9th January, Update: Day Two 1000 UTC
At 1000 UTC on the second day of the RORC Transatlantic Race, three 70ft trimarans are now powered up on a tight reach, blasting through the Atlantic Ocean.
9th January, Update: Day Two 1000 UTC
At 1000 UTC on the second day of the RORC Transatlantic Race, three 70ft trimarans are now powered up on a tight reach, blasting through the Atlantic Ocean.
Sunday 9th January, Lanzarote: A flotilla of spectator boats and a huge crowd in Marina Lanzarote witnessed the start of the 2023 RORC Transatlantic Race.
The 9th edition of the RORC Transatlantic Race starts from Marina Lanzarote on Sunday 8th January, supported by Calero Marinas, the International Maxi Association and the Yacht Club de France.
Crews are in final preparation for the 3,000-mile race to Camper & Nicholsons Port Louis Marina in Grenada, with navigators and tacticians studying the latest weather data. While they almost unanimously agree that the 2023 race has the potential to be the quickest on record, the important factors and strategy differ throughout the diverse fleet.
The largest boat in this year’s RORC Transatlantic Race is the Swan 115 Supermaxi Jasi. Navigator Tom Robinson has prepared for the race with a very detailed look at historic weather data for the route.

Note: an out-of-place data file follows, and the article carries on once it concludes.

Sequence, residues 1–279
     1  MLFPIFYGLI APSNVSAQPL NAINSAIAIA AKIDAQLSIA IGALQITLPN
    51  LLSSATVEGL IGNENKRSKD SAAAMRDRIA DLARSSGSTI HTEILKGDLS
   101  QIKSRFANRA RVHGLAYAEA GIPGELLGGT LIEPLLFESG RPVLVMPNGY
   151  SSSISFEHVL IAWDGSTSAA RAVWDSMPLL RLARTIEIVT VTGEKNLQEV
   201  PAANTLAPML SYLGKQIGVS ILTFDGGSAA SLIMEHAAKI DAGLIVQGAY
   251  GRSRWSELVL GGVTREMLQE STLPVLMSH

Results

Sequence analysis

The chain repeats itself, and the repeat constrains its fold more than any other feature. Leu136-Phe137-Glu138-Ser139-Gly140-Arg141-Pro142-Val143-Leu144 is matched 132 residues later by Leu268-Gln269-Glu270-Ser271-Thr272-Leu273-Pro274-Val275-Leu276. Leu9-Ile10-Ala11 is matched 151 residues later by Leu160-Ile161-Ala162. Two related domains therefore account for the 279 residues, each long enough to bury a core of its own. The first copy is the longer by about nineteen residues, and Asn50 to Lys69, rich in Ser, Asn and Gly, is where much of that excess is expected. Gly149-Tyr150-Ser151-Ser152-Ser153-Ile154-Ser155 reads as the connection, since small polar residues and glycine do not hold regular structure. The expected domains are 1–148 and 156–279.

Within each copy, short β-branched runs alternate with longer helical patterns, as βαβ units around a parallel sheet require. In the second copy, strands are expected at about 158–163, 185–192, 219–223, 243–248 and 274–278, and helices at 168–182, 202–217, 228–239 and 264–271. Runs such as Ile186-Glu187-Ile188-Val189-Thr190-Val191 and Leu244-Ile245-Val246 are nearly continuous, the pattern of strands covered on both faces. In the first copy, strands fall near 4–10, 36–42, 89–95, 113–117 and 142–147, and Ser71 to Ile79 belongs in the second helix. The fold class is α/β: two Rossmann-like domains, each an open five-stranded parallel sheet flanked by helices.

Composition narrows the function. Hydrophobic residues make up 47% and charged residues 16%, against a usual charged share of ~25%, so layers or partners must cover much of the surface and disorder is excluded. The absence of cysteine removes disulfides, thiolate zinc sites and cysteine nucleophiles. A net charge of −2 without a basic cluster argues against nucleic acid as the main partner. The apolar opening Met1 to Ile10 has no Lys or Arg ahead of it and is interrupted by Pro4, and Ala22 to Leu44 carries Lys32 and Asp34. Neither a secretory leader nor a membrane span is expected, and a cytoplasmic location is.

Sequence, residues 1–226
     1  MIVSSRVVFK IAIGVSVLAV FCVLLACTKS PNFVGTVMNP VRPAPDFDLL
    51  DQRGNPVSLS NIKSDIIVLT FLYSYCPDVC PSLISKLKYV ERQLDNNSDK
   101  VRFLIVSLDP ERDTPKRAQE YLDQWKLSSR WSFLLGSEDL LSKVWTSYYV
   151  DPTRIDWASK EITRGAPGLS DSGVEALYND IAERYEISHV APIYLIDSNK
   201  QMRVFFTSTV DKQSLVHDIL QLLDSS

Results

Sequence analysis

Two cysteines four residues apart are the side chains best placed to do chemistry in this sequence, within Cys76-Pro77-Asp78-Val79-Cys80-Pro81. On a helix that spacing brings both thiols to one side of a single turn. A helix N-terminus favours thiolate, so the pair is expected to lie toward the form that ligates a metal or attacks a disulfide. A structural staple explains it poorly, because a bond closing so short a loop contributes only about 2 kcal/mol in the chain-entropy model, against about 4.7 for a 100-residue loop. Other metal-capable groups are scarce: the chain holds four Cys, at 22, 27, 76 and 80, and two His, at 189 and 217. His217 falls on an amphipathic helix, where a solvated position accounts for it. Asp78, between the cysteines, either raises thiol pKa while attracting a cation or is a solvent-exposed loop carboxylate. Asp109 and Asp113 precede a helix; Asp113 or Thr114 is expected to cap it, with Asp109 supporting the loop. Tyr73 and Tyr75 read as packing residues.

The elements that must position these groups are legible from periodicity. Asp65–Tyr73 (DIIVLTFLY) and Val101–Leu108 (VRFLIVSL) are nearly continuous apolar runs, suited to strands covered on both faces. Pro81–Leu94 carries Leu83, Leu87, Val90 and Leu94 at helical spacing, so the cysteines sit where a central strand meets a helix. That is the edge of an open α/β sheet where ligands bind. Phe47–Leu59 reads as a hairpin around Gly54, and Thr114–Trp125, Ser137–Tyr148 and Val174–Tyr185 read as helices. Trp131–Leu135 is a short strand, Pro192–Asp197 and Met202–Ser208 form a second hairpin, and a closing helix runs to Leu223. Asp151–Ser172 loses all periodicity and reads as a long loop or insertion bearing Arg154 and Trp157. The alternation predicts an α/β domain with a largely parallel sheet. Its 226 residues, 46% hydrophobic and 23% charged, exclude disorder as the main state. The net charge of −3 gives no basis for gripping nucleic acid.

“This year’s race is looking like a very stereotypical trade winds route, with the wind very well established,” commented Robinson. “The first 36 hours could be a bit tricky; especially Tenerife which rises to 3,700 metres. We want to get south without getting caught in the wind shadow before we can start getting west. High pressure may see us going north to hook into better wind from the east northeast, before we start heading back down to the rhumb line. I'm quite pessimistic when people asking me how long it will take for Jasi to finish in Grenada; maybe between nine and ten and a half days. However, it really depends on how the second-half of the race unfolds.”
Three high performance trimarans will be in a high-speed battle for Multihull Line Honours. While all three were originally MOD70 one-designs, they have all been optimised. Maserati Multi70 has a full foiling package, Snowflake has an additional two-metres of rig, and Zoulou is equipped with C-Foils at mid-ships for additional lift. Ned Collier Wakefield is one of the most experienced MOD70 drivers in the race and will be part of the formidable crew on Zoulou which is ramping up for a thrilling 3,000 mile shoot-out.